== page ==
Parks Shutdown Could Hurt Local Governments
The government shutdown is already having a big impact on businesses that serve visitors in rural Utah – and on local governments.
Garfield County depends on tourism for 70-percent of its annual revenue – mostly from visitors to Bryce Canyon National Park. With the park closed, Commissioner Leland Pollock is hoping visitors won’t cancel their trips – and he says the shutdown underscores the conflict with federal authorities over roads across public land.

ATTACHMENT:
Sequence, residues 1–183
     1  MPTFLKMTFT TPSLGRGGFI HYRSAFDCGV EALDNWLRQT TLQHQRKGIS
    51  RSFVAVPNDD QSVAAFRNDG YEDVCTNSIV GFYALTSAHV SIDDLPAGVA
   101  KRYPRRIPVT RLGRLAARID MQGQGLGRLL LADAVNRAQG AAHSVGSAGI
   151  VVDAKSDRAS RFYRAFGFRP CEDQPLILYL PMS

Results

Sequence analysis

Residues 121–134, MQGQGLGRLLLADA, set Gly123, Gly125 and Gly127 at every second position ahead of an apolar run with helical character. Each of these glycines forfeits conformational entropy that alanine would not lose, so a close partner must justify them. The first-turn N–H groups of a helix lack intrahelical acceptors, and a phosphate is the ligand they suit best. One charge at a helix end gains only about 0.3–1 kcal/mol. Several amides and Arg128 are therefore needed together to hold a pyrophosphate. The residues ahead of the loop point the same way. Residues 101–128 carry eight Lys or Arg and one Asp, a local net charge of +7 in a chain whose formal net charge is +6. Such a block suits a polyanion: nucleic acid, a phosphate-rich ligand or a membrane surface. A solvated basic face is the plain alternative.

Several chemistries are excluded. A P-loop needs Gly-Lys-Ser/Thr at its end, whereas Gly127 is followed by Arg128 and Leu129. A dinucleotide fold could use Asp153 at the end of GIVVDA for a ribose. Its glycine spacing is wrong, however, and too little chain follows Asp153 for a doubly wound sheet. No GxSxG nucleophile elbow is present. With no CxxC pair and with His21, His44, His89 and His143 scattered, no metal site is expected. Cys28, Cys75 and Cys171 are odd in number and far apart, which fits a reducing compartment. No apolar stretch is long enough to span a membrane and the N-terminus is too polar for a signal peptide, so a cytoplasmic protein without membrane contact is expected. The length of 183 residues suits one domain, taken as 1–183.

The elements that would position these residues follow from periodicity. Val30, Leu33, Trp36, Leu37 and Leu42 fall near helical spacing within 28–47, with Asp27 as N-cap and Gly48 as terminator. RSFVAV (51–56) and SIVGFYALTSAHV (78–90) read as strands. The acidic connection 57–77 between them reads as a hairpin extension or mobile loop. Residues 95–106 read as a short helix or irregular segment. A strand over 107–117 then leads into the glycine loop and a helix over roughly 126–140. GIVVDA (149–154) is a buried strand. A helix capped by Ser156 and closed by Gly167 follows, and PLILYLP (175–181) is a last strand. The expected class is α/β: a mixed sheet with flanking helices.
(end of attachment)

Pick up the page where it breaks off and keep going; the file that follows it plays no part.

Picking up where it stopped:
Pollock tells KUER, “Those folks that oppose us litigating the roads – this is one of the reasons we have those roads in litigation so we can keep ‘em open to the public. This is a classic example of that.”
While Bryce Canyon is closed, Pollock says there’s still plenty to see in Garfield County. Roads across the Grand Staircase National Monument are still open, and State Highway 12 through Escalante and Boulder allows visitors to see spectacular fall colors this time of year.
Pollock says he wishes the President and Congress good luck in resolving the dispute that’s shut down the national parks – but he’s not too confident a solution will be reached any time soon.